Hiking opportunities in Denali National Park and Preserve are endless. You can hike on well-trod loops, out-and-back trails, or off-trail forging your own pathways. Beginners will enjoy flat meandering pathways through spruce forests. Well-traveled moderate trails offer stunning panoramic views — a reward for your effort. Experienced, off-trail adventurers will love the freedom of wide-open spaces.
Denali National Park and Preserve has just one road, the Denali Park Road. Running curvaceously from Highway 3 (George Parks Highway) westward to Kantishna, it is 92 miles long. Along the way, the Alaska range juts through the sky producing a magnificent backdrop. The first 15 miles of the road are paved, and personal cars are allowed. The remainder of the road is accessible by national parks-permitted buses.
In the last few years, the ongoing Pretty Rock landslide started to pick up speed, and the park road was closed at Mile 43 in August 2021. The road will remain closed to vehicles while the National Park Service (NPS) engineers a safe way to hold back the rockslides in this area.
Note: Some information in this piece was obtained during a sponsored press trip, but all recommendations are my own.
1. Horseshoe Lake Trail
Horseshoe Lake Trail, a popular, easy trail that begins near the Denali Visitor Center, is 2 miles round trip. The loop begins as a wide flat trail that is easily navigable. However, it rapidly becomes a steep, uphill walk then quickly descends down to the lakeshore. The trail meanders around the lake with open views of nature’s wilderness wonderland.
Pro Tip: Like many lakes in Denali, beaver lodges are plentiful. Keep an eye out for one on the lake.
2. Triple Lakes Trail
Something for every hiker, Triple Lakes Trail is 9.5 miles from the southern trailhead on Highway 3 to the northern trailhead near the Denali Visitor Center. It is an up and down hike that will work your legs and lungs.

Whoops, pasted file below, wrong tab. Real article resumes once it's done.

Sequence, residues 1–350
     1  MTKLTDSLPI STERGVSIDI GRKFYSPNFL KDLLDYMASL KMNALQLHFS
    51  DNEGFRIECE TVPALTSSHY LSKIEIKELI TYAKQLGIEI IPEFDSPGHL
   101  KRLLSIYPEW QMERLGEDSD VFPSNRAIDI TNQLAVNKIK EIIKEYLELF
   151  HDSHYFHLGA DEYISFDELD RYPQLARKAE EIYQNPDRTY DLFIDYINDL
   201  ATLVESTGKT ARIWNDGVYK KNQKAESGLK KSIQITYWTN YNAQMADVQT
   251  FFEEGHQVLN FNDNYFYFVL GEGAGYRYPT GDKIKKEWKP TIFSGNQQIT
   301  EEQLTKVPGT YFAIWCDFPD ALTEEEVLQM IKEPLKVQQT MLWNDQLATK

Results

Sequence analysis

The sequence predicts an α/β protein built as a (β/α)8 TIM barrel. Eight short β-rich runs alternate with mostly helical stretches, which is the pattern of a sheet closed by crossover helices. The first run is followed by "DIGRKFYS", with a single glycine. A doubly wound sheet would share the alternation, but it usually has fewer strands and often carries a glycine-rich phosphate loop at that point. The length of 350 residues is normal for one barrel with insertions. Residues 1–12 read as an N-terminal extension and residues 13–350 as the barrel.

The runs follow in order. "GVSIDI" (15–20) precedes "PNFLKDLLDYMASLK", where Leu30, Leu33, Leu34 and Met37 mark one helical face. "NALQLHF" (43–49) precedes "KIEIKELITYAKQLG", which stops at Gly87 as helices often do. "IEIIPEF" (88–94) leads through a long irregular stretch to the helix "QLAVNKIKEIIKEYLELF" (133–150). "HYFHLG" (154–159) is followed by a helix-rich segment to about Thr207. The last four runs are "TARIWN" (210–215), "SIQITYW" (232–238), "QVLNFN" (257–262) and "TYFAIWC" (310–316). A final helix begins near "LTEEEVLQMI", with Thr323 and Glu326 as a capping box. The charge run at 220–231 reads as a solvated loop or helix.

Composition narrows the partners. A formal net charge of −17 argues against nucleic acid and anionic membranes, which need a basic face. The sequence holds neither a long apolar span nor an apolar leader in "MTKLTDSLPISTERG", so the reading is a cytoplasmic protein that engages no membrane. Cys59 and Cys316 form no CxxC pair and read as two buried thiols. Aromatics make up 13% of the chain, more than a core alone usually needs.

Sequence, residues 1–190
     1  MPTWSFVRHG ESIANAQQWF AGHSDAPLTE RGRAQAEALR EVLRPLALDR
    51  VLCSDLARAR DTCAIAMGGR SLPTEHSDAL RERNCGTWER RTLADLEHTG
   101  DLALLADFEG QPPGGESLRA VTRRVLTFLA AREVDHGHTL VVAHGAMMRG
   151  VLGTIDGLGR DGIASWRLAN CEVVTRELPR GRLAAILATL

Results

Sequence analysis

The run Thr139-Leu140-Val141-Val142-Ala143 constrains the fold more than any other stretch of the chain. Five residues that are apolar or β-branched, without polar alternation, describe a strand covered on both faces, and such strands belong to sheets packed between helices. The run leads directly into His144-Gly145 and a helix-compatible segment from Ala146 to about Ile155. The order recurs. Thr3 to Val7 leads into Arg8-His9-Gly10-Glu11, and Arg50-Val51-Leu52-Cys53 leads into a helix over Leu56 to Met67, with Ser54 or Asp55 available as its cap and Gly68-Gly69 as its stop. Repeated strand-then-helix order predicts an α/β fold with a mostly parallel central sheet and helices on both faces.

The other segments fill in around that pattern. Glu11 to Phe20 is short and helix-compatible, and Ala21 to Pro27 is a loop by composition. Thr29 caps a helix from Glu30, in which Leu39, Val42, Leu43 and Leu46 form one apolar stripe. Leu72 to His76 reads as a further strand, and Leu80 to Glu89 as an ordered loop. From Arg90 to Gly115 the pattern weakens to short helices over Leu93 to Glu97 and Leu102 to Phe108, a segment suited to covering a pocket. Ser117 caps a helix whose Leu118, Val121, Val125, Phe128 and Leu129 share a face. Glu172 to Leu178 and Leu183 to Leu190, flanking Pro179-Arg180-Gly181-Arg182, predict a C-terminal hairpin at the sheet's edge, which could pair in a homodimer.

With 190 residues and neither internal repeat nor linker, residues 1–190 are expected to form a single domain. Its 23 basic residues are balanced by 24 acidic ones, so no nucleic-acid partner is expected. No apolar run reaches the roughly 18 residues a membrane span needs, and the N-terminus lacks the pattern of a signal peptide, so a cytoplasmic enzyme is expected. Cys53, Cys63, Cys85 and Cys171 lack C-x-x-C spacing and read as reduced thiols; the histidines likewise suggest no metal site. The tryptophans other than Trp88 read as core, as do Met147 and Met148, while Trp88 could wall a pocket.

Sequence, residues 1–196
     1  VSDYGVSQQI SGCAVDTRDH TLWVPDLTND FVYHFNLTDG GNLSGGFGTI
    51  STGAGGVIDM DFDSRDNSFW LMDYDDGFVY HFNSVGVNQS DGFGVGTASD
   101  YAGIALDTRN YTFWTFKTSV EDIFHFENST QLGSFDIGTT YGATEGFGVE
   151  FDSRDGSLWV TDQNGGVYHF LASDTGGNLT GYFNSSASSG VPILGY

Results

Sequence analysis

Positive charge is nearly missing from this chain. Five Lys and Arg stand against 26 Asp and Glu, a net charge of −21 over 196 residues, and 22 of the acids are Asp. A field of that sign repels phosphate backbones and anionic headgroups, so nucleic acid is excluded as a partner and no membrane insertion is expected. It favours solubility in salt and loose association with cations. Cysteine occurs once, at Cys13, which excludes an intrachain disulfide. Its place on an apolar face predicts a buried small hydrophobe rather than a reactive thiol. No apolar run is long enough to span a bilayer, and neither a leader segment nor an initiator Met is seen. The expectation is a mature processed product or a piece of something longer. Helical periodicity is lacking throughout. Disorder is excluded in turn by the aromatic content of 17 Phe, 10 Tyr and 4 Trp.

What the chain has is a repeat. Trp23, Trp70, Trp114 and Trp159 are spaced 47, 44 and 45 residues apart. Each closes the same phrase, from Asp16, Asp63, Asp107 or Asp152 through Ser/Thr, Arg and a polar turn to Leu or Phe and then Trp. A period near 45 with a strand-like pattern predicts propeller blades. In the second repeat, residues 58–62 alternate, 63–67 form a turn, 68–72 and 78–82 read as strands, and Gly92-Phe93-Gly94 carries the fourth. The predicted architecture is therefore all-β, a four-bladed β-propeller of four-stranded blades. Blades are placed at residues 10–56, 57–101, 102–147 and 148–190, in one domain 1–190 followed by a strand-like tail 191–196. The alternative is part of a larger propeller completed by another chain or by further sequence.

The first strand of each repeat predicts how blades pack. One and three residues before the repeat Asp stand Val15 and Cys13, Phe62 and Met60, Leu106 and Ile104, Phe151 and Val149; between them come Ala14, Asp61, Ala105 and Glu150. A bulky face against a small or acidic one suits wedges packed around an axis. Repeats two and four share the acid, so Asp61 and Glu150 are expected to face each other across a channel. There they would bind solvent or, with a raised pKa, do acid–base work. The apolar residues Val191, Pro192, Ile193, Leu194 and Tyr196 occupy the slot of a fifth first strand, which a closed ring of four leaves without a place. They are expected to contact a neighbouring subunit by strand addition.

The longest marked trail in the park, it offers adventurous hikers a chance to view the beauty of Denali in relative solitude. While you can encounter wildlife — bears, moose, and wolves — on any trail, it is important to be prepared on this particularly long trek. Consider bringing trekking poles and bear spray with you.
Start at Highway 3 and hike the 2.5 miles to the first lake, then turn back if that is your comfort zone. The second lake is only an additional half mile and is worth the effort.
Pro Tip: There was snow on the northern part of the trail and icy patches along the entire route when we hiked it in mid-May. Plan your hike and outerwear accordingly.
3. Savage River Loop Trail
The Denali Park Road is only accessible to Savage River Loop Trail with your personal vehicle. At this checkpoint, only buses authorized by the park are allowed to venture into the park where the roads are narrow, winding, and a wildlife crossing zone.
Savage River Loop Trail is 1.7 miles long. It is a gently undulating trail with no steep grades to navigate. The trail mostly hugs the river and offers panoramic views. Watch out for wildlife along the river’s edge. This grizzly was happily munching on roots. You want to give him a wide berth.
Pro Tip: This road may be closed to personal vehicles in the spring and fall depending on the weather conditions.
4. Mount Healy Overlook Trail
The Mount Healy Overlook Trail is an out-and-back trail that travels part-way up Mount Healy in a steady, uphill (or downhill) climb. The 2.7-mile hike has an elevation change of 1,700 feet, testing your knees and lung capacity.
The steep climb and numerous switchbacks make it easy to encounter critters on the path — even large ones like an enormous Denali moose. The trail ends in an open area; reaching the Mount Healy peak is an off-trail hike and is reserved for intrepid and prepared hikers.
Pro Tip: Moose are one of the dangerous animals in the park; they are enormous and will charge when their personal space is invaded. If you encounter a moose, head for the trees, they are not great at navigating the forested area.
5. Rock Creek Trail
Pro Tip: This trail takes about 2 hours to hike, keep that in mind if you are planning on attending a scheduled demonstration.
6. McKinley Station Trail